Friday, October 14, 2011

'The Thing' Movie Review

Antarctica is a great setting for a horror movie. You’re in the most remote, desolate, deadly corner of the planet, where the weather can change moods at the drop of a hat, where you can freeze to death before you know it, and where if something goes wrong you’re just screwed, simple as that. When you see footage of the barren, wind swept landscape it’s easy to imagine why Lovecraft set “At the Mountains of Madness” in such a spot, it’s like an entire continent trying to drive you crazy and murder every living thing besides penguins. It is a landscape rife with an inherent tension, a tension that is largely underused by “The Thing”, director Matthijs van Heijningen Jr.’s new prequel to John Carpenter’s 1982 film, oddly enough, also called “The Thing”.

Carpenter’s story about an alien creature that consumes and imitates it’s prey, is all about the setting. The cast of characters, one that most prominently features Kurt Russell and Keith David, is stuck in a remote outpost, being picked off one by one. They’re trapped, they’re not going anywhere, and Carpenter milks that fact for every ounce of anxiety and stress he can. In the newer installment, the people find themselves in pretty much the exact same situation, but you never feel it. Sure they talk about how there’s nowhere to go, but you never feel it in the same way, it is never a concrete, visceral fear. They never come across as that isolated.

It’s really difficult not to compare the two films because they share tons of similarities. Russell’s gruff helicopter pilot MacReady and David’s Childs both have ready made equivalents in “The Thing”—Joel Edgerton, as a gruff, no nonsense helicopter pilot, and Adewale Akinnuoye-Agbaje as his badass sidekick. In fact entire sequences appear to have been lifted directly from Carpenter’s film, which makes “The Thing” feel like it wants to be a remake an not a prequel. So in some respects “The Thing” is much like “The Thing” (for some reason it was really amusing to write that phrase), but all in all, the new film is more about being an action movie than a tense alien thriller. In another instance of “The Thing” failing to capitalize on built in possibilities, when the characters are all together, knowing that one or more of them isn’t who they appear to be, instead of ratcheting up the distrust and apprehension and the “I’m not an alien, how do I know you’re not an alien?” back and forth, the film squanders these chances for cheap, easy scares as a replacement for prolonged friction and atmosphere.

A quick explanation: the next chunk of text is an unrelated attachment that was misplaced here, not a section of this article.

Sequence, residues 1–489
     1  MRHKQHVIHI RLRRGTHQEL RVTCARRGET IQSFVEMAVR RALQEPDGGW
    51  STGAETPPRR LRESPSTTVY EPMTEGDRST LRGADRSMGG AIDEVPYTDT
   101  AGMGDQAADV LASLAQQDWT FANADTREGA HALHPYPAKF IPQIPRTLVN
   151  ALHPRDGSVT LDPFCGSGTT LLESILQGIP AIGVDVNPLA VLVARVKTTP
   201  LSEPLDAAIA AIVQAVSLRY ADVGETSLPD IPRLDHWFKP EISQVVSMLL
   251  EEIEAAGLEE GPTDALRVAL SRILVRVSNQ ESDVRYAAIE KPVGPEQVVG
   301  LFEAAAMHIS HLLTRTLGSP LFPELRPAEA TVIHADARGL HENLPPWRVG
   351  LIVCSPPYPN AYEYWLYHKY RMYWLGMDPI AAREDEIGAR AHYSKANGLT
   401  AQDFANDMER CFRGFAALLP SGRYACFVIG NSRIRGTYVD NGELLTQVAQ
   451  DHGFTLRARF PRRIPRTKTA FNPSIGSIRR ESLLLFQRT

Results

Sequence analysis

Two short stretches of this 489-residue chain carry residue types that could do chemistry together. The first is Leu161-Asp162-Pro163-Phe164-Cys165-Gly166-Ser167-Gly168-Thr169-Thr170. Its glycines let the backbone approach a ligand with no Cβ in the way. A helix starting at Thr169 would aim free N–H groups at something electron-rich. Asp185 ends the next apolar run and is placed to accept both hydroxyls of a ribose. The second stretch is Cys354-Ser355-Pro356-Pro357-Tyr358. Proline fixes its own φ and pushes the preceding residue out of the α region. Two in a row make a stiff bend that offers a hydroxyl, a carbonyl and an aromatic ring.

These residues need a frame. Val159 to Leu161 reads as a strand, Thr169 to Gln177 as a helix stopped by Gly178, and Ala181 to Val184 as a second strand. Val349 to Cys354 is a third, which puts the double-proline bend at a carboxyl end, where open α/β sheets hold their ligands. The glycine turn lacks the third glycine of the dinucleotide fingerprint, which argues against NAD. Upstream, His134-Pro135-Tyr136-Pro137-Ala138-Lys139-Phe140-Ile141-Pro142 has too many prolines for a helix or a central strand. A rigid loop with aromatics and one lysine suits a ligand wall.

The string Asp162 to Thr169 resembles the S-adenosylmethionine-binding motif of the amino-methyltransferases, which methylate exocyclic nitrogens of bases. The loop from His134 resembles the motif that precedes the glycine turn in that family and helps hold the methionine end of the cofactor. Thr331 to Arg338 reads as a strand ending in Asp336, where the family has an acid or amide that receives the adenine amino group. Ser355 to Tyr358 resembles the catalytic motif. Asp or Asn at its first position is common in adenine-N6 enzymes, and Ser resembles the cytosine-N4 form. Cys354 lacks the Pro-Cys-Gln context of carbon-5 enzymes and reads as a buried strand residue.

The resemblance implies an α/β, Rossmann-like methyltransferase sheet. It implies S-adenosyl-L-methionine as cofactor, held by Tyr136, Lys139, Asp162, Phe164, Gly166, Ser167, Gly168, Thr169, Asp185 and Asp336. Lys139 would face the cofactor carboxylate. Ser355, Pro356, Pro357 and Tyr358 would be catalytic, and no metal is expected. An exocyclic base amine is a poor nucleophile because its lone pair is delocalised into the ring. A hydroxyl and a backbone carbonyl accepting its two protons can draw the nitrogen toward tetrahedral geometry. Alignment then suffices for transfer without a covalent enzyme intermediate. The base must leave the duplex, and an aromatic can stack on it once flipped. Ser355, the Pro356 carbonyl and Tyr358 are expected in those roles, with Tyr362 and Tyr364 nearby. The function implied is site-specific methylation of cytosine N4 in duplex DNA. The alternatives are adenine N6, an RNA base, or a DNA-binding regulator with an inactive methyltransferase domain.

“The Thing” begins shortly before Carpenter’s film, and ends at the beginning of the earlier film—that’ll make sense when you see it. Scientists at a Norwegian outpost in Antarctica have discovered something world changing: a massive alien spacecraft and an alien spaceman, both frozen in the perpetual snow. Because no one will watch a movie where Norwegians are the heroes, a couple of Americans—paleontologist Kate Lloyd (Mary Elizabeth Winstead, “Live Free or Die Hard”) and a research assistant, Adam Goodman (Eric Christian Olsen, “NCIS: Los Angeles”)—are brought in to help with the discovery. It can be a little hard to take John McClane’s daughter and the guy with the eyebrows from “Not Another Teen Movie” seriously as accomplished scientists, not because pretty people can’t be smart, but because they both look like teenagers trying to buy booze with fake IDs. But on the other hand, there is something to be said for Mary Elizabeth Winstead with a flamethrower.

When the alien creature breaks out of the massive block of ice, all hell breaks loose. The beast dopelgangs bearded Norwegians, picking off the isolated explorers and turning them against each other. The Norwegians primarily serve as drunken comic relief, and as warm bodies to be inhabited and ultimately ripped asunder by the monster. It is up to Kate to figure out a way to tell who is real and who is an imitation, with an assist from Carter (Edgerton), the stubble-chinned realist of the group. Ulrich Thomsen does a turn as the head scientist who tries to protect the secrecy of their discovery and insists that no one can call for help, no matter how dire the situation looks.

I don’t want to make “The Thing” sound terrible, it’s not, but it isn’t particularly outstanding either. I walked out of the screening with a shrug, and that’s about it. It’s just average, which is sad, really, because there are quite a few missed opportunities in Eric Heisserer’s script that, while they wouldn’t have made for a great film, could have made it a fun B-style sci-fi horror movie. If you stumble across “The Thing” on cable one night, and if you’re in the right frame of mind, you’ll be entertained, but it certainly isn’t something to rush out and see in the theater. You might enjoy it somewhat more if you haven’t seen Carpenter’s original (which is itself a loose remake of the 1951 film “The Thing From Another World”), or if you don’t have a deeper connection to that film, but even then, “The Thing” will never be more than middle of the road.

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